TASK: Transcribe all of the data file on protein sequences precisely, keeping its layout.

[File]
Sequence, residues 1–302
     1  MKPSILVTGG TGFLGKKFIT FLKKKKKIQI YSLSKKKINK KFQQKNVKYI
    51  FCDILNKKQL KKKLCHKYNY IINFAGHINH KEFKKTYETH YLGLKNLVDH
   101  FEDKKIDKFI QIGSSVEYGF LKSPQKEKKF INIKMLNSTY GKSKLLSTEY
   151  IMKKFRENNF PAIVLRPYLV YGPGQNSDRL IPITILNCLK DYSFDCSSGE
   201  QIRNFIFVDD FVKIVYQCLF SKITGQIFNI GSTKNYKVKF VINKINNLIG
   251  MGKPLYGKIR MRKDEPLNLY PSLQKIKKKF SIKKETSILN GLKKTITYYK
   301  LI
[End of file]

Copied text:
Sequence, residues 1–302
     1  MKPSILVTGG TGFLGKKFIT FLKKKKKIQI YSLSKKKINK KFQQKNVKYI
    51  FCDILNKKQL KKKLCHKYNY IINFAGHINH KEFKKTYETH YLGLKNLVDH
   101  FEDKKIDKFI QIGSSVEYGF LKSPQKEKKF INIKMLNSTY GKSKLLSTEY
   151  IMKKFRENNF PAIVLRPYLV YGPGQNSDRL IPITILNCLK DYSFDCSSGE
   201  QIRNFIFVDD FVKIVYQCLF SKITGQIFNI GSTKNYKVKF VINKINNLIG
   251  MGKPLYGKIR MRKDEPLNLY PSLQKIKKKF SIKKETSILN GLKKTITYYK
   301  LI